An Interview with Roman Gulman.
Who and where are you from?
My name is Roman Gulman. I’m originally from Kiev, Ukraine and I moved to Israel when I was 17.
What brought you to Art?
I have been drawing for as long as I can remember. My mom is an architecture engineer and my dad is an art enthusiast and both have always supported my passion for art. By the time I turned 13, my dad had noticed I am not interested in anything but art and has somehow managed to buy a book collection of all the major museums worldwide (Louvre, Versailles, Hermitage, Metropolitan, etc.) – an impossible achievement in the Soviet Union of that time. Shortly after, I started collecting stamps with famous art works of museums, renowned painters, art periods and movements. I would research, ask and trade my stamps with others, in order to complete my collection and as a result, my fascination with art has grown stronger. The images I saw in those stamps inspired me to learn more and continue drawing. In Israel, I enlisted to the “Ascola” High School of Design.
What is your driving force?
After school, I worked as art director on many fashion productions with the leading fashion brands in Israel. Collaborating with top fashion photographers and working with fashion sketches, I learned to look for that moment, that pause, when something deep from the model’s character, his/her personality, suddenly emerges and there is this spark that makes him/her look even better than in reality.
It is that exact expression that I am trying to capture in my paintings today. This is the message I want to deliver.
What kind of work you do and why?
My work focuses on portraits. On people. When I paint, I sometimes take my glasses off and see spots and blurs rather than nuances, trying to convey a certain feeling, mood or sensation. My goal is to extract that sincere emotion from within the person I’m painting. That’s why I focus on lines, light and shadows – the way they work together and the composition they create. I also usually add design elements in the background to enhance the character in the center.
In terms of style, you could say my work is influenced by Russian and French impressionists in the color pallet and expressive delivery using layers of paint.
Tell us more about your thought process.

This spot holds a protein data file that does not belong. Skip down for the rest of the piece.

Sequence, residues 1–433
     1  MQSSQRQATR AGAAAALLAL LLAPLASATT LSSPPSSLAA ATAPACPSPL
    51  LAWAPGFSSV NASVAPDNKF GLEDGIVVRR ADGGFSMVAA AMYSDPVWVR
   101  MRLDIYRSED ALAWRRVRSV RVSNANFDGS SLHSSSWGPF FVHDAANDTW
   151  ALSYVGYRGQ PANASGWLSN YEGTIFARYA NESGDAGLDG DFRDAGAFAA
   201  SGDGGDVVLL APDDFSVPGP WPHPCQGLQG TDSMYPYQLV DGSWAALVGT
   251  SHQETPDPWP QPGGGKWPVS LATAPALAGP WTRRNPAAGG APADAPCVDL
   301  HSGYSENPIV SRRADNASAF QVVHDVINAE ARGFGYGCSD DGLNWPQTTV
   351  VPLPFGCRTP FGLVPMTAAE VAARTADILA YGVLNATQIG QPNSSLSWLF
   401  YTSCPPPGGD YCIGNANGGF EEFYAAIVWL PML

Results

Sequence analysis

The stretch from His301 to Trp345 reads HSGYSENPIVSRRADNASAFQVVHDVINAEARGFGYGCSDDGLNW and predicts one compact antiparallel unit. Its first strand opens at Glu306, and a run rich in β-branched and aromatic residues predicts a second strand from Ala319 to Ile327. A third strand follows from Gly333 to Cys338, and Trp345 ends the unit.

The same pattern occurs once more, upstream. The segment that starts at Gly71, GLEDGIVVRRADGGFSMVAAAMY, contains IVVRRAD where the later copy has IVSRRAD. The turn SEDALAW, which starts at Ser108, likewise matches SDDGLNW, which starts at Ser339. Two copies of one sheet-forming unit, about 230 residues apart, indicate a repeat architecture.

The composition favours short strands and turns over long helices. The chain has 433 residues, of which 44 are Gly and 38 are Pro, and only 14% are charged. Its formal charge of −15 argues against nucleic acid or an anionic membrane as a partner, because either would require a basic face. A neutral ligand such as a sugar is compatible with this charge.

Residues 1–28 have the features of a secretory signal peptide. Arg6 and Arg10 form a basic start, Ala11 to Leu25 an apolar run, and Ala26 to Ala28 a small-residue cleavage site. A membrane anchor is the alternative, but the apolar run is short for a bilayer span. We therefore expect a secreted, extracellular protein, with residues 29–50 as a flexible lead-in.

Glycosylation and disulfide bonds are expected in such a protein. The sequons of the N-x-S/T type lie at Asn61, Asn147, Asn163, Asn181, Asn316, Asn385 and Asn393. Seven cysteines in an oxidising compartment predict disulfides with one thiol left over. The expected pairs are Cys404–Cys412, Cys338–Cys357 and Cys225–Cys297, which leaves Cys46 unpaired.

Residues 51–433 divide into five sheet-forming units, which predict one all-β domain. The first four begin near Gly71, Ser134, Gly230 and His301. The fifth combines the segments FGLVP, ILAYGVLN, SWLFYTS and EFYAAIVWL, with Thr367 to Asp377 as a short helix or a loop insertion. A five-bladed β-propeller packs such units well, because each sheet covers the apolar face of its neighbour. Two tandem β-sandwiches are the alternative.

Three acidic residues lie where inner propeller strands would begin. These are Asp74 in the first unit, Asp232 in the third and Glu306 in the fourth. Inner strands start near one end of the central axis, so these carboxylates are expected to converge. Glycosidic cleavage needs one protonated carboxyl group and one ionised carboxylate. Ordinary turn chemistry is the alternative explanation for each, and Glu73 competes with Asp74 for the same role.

I’ve been working in design for 20 years.
During that time, I’ve accumulated a lot of experiences and memories. My mind is a collection of images, snap shots, frames, colors, faces, flashes and movie clips that constantly flicker in my head as inspiration. Slowly, I focus on a certain group and pick the image I am going to create. The goal is to deliver that image to a new medium of painting adding layers of expression and depth.
I find people to be the most interesting subject. The face. The changes in expression. Those little movements that render the face completely different.
My strength is in color. When I paint, I feel like I enter a state of trance. I sit close to the canvas and focus to feel the perspective, first drawing without glasses and doing the final accurate additions at the end.
When it feels right, my endorphins run wild. I get nervous and excited like a teenager waiting for a date, with butterflies in my stomach.
The world of canvas is often too polite to fully express what I feel, so I often also use pastels and graffiti spray to convey my emotions.
Please share with us the one modern artist whose work you find Interesting and why?
There are a few modern painters who influence my work. I’ll mention these four:
The Austrian impressionist Egon Schiele – and how he grasps lines, distortions, sexuality. How he deforms his characters, drawing “incorrectly” but it feels so right.
Dominik Jasinski from Poland, and the way he captures faces and uses colors.
Ryan Hewett from South Africa and the way he uses stains.